Richard Nonas Post-Minimalist sculptor Dies – Victoria Pomery To Leave Turner Contemporary – Banksy Loses Second Copyright Battle




Richard Nonas Post-Minimalist sculptor Dies Age 85

Richard Nonas (January 3, 1936 – May 11, 2021), one of the most influential Post-Minimalist sculptors of his generation, has died, age 85. The news was confirmed by the artist’s gallery Fergus McCaffrey.

Nonas was an American anthropologist and sculptor. He lived and worked in New York City. Nonas’ sculpture practice addressed notions of space, place and deep time. His work from the 1970s involves experimentation with modes of presentation and material experimentation in which he used granite curbstones, linear wooden beams, and other raw materials. This work has been described as “talismanic objects” that create impressions of spiritual, emotional, and philosophical notions and meanings.

Nonas’ oeuvre is known for modular sculptural installations, primarily in stone or wood, in interior and exterior settings wrote that “we cannot grasp a Nonas’ sculpture simply by thinking about it. His works call for intuitive, empathetic responses.”

His work has been compared to that of Richard Serra, Joel Shapiro, and Dorothea Rockburne. His work has been exhibited internationally. He created a 300-foot-long installation in the U.S. at MassMoca in a one-person exhibition, Richard Nonas: The Man in the Empty Space. His work was featured in the 1973 Whitney Biennial. Courtney Fiske has written that Nonas treated “space as a material” in that each work is intended to be a “blunt insertion into the viewer’s surrounds. His approach to minimalism not only includes seriality but also maintain a sense of self-containment and timelessness.” Joyce Beckenstein writing for the magazine Sculpture described Nonas’ studio as a “Wunderkammer piled high with artefacts and relics as well as past and in-progress works….with the unexpected surprises of an archaeological dig.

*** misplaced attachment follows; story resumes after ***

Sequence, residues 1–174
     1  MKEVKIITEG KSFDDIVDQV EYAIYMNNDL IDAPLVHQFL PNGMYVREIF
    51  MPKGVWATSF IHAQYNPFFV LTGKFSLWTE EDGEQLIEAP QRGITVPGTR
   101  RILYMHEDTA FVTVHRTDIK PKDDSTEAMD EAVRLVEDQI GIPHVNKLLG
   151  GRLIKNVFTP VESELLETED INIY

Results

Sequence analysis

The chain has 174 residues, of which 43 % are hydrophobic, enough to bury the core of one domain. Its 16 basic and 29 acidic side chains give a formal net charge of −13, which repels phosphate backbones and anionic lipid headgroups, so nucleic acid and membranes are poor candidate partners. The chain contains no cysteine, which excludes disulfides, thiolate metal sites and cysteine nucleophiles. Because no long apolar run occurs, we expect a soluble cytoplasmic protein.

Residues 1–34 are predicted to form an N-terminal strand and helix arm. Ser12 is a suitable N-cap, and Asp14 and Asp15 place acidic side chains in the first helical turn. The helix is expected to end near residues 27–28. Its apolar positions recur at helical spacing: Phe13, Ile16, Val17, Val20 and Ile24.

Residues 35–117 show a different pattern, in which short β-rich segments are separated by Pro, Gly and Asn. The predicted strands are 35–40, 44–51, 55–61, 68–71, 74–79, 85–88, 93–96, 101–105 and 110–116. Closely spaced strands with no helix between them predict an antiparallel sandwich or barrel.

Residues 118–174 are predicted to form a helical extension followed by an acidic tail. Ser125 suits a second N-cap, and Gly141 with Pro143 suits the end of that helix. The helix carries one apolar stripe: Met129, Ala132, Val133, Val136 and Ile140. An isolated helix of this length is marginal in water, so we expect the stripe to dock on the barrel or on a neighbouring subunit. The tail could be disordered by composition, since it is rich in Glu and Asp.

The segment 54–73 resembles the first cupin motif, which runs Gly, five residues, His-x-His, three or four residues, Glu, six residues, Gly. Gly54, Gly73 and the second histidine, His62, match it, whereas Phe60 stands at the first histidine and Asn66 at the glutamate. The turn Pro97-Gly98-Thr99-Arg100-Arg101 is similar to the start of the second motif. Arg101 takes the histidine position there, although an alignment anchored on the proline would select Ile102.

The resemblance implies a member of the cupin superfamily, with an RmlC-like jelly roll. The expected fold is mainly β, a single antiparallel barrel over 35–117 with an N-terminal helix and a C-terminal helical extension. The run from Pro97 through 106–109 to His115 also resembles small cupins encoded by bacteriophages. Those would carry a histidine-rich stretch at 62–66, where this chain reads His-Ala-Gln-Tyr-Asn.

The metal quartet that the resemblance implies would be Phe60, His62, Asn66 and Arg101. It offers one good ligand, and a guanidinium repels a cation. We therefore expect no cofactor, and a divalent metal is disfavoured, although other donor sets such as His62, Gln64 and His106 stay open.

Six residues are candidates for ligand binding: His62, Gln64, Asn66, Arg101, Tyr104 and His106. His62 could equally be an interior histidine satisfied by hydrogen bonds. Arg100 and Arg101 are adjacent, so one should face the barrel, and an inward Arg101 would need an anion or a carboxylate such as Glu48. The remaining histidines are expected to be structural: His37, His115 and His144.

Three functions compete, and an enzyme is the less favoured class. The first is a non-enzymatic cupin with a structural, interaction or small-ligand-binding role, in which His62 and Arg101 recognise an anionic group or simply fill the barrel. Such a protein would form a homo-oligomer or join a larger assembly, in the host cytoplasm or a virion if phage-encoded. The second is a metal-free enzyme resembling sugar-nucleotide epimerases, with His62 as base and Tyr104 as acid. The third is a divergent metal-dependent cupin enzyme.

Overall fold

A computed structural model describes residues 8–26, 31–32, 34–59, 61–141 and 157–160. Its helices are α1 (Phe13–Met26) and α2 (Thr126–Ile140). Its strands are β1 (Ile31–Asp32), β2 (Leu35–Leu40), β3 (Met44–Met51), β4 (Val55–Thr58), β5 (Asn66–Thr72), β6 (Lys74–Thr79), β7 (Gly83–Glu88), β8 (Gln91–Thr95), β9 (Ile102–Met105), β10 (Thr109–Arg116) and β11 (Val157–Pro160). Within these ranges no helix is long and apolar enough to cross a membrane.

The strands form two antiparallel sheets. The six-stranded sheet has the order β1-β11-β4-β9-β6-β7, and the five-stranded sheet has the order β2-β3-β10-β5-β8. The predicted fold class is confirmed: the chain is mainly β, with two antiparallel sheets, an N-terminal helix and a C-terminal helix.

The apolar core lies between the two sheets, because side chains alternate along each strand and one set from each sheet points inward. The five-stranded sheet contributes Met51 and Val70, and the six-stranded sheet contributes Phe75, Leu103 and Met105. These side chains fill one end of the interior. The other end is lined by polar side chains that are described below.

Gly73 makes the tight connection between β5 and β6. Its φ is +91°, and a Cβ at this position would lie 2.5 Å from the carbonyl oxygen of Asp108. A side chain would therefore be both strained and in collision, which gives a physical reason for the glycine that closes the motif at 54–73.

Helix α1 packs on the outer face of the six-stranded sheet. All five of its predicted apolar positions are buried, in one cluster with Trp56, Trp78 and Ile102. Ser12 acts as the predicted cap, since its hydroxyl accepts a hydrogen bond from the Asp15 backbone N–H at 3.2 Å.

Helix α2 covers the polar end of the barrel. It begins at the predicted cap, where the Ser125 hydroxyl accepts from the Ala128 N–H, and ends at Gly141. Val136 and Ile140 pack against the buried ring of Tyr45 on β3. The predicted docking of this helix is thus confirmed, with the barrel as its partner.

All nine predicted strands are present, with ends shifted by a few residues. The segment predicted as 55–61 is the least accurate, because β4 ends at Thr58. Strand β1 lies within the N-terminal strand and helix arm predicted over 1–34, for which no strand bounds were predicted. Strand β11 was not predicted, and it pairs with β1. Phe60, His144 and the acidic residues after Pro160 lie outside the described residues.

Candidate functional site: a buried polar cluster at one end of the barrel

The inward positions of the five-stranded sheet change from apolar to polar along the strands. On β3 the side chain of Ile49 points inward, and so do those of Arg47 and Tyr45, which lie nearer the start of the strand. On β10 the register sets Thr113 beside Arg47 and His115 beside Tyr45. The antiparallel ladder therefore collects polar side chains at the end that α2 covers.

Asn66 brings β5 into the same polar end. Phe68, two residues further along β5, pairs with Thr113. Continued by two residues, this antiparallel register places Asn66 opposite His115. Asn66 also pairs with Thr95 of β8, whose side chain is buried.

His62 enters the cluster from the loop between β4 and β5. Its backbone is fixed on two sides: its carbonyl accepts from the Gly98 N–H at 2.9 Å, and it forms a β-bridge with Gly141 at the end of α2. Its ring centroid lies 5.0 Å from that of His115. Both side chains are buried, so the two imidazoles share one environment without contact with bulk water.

Nonas stated that his travels impacted on his artistic practice, “What I realised in Mexico was that there are physical places, spaces deeply imbued with human meaning, that can have a great deal of power over us, places that affect us in an extremely worldly way.” He described his sculptures as ways to define his own “existent reality, the reality I try to describe to you”.

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Victoria Pomery To Leave Turner Contemporary To Run The Box

Victoria Pomery is to step down as Director of Turner Contemporary. She will take on the role of Chief Executive Officer of the city’s newly opened £47milllion museum, gallery and archive, next Autumn.

After 19 years in post and the gallery’s first ten years of operation, Pomery oversaw the capital project, which delivered the recognisable David Chipperfield building on Margate seafront. She was awarded an OBE for her services to the arts in 2012 and an Honorary Doctorate from the University of Kent in 2020. She has led an internationally renowned programme of exhibitions and commissions, which have gained high profile press coverage, establishing a creative and exciting reputation for Turner Contemporary.